The Delectable and Unacceptable

A look into how the differences in perception of Asian American cultures is harmful, and how it can be fixed.

Appreciation of Eastern Asian culture has always been a part of mainstream media. Matcha, bubble tea, k-pop, Disgust for aspects Asian culture has also always been a part of mainstream media. ‘Asians eat dogs.’ ‘Your food smells weird.’ ‘You guys would eat everything.’ Such stereotypes usually stem from ignorance.
A recent example of this occured on James Corden’s segment ‘Spill Your Guts’ on his show ‘The Late Late Show with James Corden’, which has been getting a lot of negative attention. The segment consists of Corden and his guest getting each other to spill a dirty secret. If one refuses to ‘spill’, they have to eat one of the ‘gross’ foods on the table. One of the foods is balut, which is a fertilized developing egg embryo and also a traditional Asian street food seen in many parts of Asia including Cambodia and Vietnam. Corden’s segment is yet another example of the blatant degrading of traditional Asian foods, whilst ‘aesthetic’ and ‘pretty’ Asian foods are accepted with open arms.
For example, kimchi is a popular side dish from Korea. Koreans have been eating kimchi for thousands of years. Many white people eat kimchi as a healthy food trend while disregarding the Korean history and culture behind it. They also forget about their racism towards Koreans for how ‘smelly’ and ‘gross’ kimchi was, long before it was trendy.
For thousands of years, the West has viewed Asian countries as exotic, simplifying the complex traditions and histories of various Asian cultures into marketable goods. Especially in recent years, as more contemporary parts of Asian culture enter Western media, people have continued to cherry-pick the aesthetics or entertaining aspects of Asian culture while not caring about the people behind it. The average American is generally exposed to aspects of Asian culture that is considered to be ‘palatable’ to their standards. European cultures are typically not met with the same level of scrutiny considering that a lot of the basis of the West’s standards are eurocentric. The continually accepted belief is that Asian people are not as important as white people, and therefore leads to the appropriation of Asian culture.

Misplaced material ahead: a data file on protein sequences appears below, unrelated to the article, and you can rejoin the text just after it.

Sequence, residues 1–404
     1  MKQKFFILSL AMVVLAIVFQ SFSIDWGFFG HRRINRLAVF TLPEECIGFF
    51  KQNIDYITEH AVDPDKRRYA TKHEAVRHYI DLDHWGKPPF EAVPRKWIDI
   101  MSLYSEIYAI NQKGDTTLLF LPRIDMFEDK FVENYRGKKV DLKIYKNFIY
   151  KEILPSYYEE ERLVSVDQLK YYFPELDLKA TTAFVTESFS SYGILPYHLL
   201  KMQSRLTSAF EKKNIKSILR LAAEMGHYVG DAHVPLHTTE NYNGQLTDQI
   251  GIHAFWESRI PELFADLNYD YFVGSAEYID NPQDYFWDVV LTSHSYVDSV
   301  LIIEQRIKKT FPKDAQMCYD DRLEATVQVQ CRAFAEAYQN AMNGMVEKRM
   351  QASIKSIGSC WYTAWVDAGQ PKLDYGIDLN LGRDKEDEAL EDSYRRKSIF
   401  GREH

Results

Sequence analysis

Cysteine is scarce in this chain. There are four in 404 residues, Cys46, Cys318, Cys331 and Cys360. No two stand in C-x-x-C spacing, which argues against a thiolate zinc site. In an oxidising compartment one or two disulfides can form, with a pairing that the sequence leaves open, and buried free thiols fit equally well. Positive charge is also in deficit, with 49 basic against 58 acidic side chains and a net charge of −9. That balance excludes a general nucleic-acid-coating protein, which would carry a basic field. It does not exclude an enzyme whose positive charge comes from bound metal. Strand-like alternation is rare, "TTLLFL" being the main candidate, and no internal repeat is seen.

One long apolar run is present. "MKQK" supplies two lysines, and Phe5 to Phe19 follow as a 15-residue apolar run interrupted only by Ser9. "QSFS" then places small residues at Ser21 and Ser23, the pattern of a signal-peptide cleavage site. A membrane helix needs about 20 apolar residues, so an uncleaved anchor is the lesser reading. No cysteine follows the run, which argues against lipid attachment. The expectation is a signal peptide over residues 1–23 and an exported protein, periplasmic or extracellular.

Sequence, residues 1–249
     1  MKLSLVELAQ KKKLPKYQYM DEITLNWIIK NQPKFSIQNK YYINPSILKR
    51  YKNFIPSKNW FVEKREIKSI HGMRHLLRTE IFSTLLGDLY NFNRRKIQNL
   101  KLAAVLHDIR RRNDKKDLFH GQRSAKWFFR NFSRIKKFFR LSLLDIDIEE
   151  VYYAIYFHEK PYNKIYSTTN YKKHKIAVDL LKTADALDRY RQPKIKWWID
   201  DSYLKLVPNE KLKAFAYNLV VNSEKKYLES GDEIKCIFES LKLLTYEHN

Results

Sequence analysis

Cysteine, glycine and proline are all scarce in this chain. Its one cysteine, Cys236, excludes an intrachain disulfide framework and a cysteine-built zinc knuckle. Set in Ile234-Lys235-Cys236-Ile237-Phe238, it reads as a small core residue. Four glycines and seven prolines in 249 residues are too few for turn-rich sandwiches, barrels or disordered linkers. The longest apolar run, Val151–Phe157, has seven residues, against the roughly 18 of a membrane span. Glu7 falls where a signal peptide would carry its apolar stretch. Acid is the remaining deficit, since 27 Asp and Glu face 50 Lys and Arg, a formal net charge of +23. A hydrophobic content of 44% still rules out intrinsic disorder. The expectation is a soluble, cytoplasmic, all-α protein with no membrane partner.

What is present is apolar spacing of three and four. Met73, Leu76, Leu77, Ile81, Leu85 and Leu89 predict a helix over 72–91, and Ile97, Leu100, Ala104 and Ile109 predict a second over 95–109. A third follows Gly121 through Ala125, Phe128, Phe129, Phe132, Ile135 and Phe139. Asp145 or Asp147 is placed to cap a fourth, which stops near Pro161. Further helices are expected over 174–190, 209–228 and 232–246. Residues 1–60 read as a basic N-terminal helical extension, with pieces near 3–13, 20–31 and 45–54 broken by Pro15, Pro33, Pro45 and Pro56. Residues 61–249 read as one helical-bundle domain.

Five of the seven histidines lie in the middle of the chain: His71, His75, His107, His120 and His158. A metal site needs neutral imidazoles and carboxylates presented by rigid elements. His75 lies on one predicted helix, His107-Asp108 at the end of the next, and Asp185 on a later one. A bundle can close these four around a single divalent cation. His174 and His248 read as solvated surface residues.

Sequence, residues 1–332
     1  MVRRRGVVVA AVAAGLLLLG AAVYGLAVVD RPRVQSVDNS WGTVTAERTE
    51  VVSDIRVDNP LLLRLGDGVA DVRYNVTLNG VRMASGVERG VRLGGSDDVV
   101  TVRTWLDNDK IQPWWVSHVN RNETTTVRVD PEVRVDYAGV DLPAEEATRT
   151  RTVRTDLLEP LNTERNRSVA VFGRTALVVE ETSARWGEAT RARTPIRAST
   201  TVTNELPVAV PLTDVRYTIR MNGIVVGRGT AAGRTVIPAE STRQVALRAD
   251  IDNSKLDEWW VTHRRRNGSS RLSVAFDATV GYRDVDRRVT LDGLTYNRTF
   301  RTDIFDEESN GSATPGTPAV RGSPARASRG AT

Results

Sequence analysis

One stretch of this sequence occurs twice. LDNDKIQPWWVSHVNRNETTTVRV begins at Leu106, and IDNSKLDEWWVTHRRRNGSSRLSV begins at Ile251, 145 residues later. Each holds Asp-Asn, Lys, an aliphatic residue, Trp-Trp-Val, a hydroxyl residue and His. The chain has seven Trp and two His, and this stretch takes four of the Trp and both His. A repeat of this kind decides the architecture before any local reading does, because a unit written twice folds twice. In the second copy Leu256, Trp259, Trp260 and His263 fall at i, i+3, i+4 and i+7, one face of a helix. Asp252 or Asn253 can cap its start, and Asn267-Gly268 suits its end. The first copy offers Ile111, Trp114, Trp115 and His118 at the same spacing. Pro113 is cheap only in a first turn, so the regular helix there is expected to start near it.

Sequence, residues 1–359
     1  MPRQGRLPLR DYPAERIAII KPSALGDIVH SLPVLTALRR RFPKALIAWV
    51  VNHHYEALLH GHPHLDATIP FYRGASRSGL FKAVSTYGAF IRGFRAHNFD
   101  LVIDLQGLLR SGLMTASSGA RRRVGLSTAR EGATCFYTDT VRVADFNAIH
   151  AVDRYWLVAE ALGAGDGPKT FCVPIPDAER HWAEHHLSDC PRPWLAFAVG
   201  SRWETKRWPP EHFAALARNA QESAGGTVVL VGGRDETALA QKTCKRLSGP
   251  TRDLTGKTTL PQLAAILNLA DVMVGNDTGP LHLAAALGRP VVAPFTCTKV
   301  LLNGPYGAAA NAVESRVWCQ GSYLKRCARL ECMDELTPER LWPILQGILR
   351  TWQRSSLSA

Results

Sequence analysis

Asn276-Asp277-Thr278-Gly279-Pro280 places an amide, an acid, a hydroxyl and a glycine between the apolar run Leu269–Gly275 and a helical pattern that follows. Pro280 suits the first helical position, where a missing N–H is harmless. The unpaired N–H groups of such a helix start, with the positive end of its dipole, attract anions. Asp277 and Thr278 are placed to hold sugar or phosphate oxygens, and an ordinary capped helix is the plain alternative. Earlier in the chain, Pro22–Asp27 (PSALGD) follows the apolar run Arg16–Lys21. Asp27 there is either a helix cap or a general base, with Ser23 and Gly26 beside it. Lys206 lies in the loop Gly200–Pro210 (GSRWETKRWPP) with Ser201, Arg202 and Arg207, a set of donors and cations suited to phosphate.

Social media has become a hotspot for trending ‘aesthetic’ Asian foods and cultural goods. Social media influencers have capitalized off of Asian culture such as bubble tea, anime, and mahjong. Making bubble tea to be more suitable to white peoples’ taste, creating TikTok audios using anime without crediting, and selling an ‘aesthetic’ version of mahjong for over $300 targeted to the white audience, like three white women did when they created a company to “respectfully refresh” the traditional game of mahjong.
At the same time, a rise in Asian hate crimes has spread across the U.S in the past year, which seemed like a test to see if the social media influencers would speak up for the people behind their ‘aesthetic’ and ‘pretty’ content. A lot of these influencers failed this test. People continued to use aspects of Asian culture for content and for their own enjoyment while turning their backs to the Stop Asian Hate movement and the discrimination that Asian Americans and Pacific Islanders face.